Inside and Outside of Domaining, Times They Are A Changing

The World continues to change.

As I found myself in Ireland, clearly blowing past the Independence Day celebrations and any signs of fireworks only to find myself in a large pub on July 5th with all the staff and most of the patrons celebrating Christmas, complete with Hats, a Christmas Tree and plenty Santa outfits.

Yes it was the Christmas in July party and the place was rocking to the live music.

In this case it was a rather good cover band who performed everything from Classic rock to hip hop, but not one sign of any ‘Irish” music.

Not only the traditional Irish music as you would expect to hear in any pub in Ireland but not even a Song from Bono.

So as I watched the room of filled with red and white, listening to the lead singer tell me “the summer of 69 was the best days of his life” when clearly he wasn’t born until at least the summer of 89, well times they are a changing.

The band is named Clockworks & their banner hanging behind them had a Facebook & YouTube banner as well as there domain name which they used Clickworkstheband.com

In a few years they maybe will be able to use Clockworks.music or Clockworks.irish or Clockworks.band.

Yes the world is changing the domain name world is not immune.

We all know what we have coming down the pike which is 500-1,000 extensions in the next few years that will give more choices to the consumer for domain registrations.

Maybe some of those new extension will even allow free registrations.

We know that the biggest search engine in the world applied for over 100 of these new gTLD’s including over 90 generics, so anyone wondering if Google will rank the new gTLD’s basically has their answer.

Over the next days we are going to look at what all of this could mean for domain investors, domain holders, and the domain industry as a whole.

Could we Verisign pass on some rate increases it is entitled to under its new and endless contract, or even see .com registration and renewal rates rolled back as new competition cuts into registrations?

Will registrants drop incumbent TLD’s and ccTLD’s domain registrations and will investors have a chance to acquire some great dropping domains, maybe not seen since the dot com bubble?

There are a ton of angles and considerations and we plan on covering them over the next week.

Stay Tuned.

;

Comments

  1. Dean says

    “Come writers and critics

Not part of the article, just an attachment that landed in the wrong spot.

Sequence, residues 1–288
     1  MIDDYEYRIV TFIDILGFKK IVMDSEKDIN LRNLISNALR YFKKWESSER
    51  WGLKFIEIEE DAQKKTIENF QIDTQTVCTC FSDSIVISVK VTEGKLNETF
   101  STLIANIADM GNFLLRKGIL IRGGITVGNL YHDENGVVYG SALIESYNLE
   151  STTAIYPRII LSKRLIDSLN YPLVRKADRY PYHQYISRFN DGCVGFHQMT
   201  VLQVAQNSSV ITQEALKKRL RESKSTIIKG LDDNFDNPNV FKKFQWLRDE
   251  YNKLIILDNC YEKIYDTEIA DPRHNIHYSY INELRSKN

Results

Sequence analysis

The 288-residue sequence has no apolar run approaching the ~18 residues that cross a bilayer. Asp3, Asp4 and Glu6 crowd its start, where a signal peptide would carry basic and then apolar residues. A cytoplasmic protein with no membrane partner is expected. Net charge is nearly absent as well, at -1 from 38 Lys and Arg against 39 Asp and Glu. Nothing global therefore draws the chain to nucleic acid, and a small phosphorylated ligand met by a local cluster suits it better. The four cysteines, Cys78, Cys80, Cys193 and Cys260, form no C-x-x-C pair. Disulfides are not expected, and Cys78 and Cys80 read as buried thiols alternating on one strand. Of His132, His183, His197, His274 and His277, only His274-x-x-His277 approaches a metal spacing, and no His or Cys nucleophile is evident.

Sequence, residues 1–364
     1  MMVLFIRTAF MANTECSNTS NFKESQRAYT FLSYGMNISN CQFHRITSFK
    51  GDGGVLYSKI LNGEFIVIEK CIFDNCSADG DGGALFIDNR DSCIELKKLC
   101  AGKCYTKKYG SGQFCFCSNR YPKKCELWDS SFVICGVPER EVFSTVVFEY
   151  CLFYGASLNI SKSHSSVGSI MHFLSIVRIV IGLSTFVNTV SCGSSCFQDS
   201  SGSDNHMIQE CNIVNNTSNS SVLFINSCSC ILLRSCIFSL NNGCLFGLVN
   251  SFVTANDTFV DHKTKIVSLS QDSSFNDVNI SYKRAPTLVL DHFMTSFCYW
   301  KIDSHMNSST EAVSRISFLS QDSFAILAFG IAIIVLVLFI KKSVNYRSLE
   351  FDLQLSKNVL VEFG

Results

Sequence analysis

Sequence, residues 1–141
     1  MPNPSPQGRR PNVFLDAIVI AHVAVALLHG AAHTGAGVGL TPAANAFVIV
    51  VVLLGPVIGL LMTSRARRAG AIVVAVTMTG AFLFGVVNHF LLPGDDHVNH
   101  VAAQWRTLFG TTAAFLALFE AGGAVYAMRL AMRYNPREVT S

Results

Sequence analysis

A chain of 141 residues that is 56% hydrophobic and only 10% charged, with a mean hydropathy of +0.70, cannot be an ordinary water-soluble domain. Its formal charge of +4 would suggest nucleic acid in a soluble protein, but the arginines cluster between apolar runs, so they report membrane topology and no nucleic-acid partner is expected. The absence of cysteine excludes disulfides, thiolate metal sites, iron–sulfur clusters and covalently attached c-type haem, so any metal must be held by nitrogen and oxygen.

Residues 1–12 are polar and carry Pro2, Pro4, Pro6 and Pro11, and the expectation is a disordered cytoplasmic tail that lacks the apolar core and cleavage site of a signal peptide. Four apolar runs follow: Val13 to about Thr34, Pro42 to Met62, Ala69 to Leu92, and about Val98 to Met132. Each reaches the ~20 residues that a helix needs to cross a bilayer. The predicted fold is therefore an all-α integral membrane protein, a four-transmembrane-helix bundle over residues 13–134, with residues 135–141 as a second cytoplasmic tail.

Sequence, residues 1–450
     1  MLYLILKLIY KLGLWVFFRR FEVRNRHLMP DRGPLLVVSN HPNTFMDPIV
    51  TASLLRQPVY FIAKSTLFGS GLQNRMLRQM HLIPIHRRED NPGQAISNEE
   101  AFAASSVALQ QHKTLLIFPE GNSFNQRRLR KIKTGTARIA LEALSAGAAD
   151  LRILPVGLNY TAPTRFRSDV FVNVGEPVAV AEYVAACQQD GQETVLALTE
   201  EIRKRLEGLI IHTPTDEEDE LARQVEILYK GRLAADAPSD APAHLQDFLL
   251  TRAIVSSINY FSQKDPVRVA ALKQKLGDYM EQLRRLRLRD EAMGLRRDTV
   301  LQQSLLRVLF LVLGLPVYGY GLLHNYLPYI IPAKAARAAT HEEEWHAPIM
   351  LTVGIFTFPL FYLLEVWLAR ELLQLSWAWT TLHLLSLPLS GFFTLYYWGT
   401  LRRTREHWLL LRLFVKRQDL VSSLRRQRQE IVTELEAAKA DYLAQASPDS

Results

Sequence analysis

Who prophesize with your pen
    And keep your eyes wide
    The chance won’t come again
    And don’t speak too soon
    For the wheel’s still in spin
    And there’s no tellin’ who
    That it’s namin’
    For the loser now
    Will be later to win
    For the times they are a-changin”

  2. says

    Hello MHB

    Wow, what an enlightening Post. Higgs Boson , Star Wars= Google.com – Apple.com , The next breakthrough I am sensing will be in Super-Conductivity= Death Knell for Big Oil.

    Iran now has Boatloads of oil looking for a market while the world is afloat in inventoried oil.

    This is all called “Creative Destruction”

    Whats Next?

    Gratefully, Jeff Schneider (Contact Group) (Metal Tiger)

  3. Domainer G says

    The band probably wont be around by then, and if they are they arent going to abandon the domain they have been operating under for several years.

    I think what you and many others are missing is that these new english language extensions are not going to be relevant to asia and most europe. .com is global and is drawing a lot of speculation from Asia, where the money is steadily flowing.

    Stop being blinded by the english speaking and western world that is under massive debt loads. The Internet is global and most of the world does not speak English.

    The more you evangelize the new english extensions the more evident it becomes that you are too deep into the weeds to look at the real global picture.

    The more things change, the more things change the same.

    The band could have chosen the Irish extension but chose .com. Enough said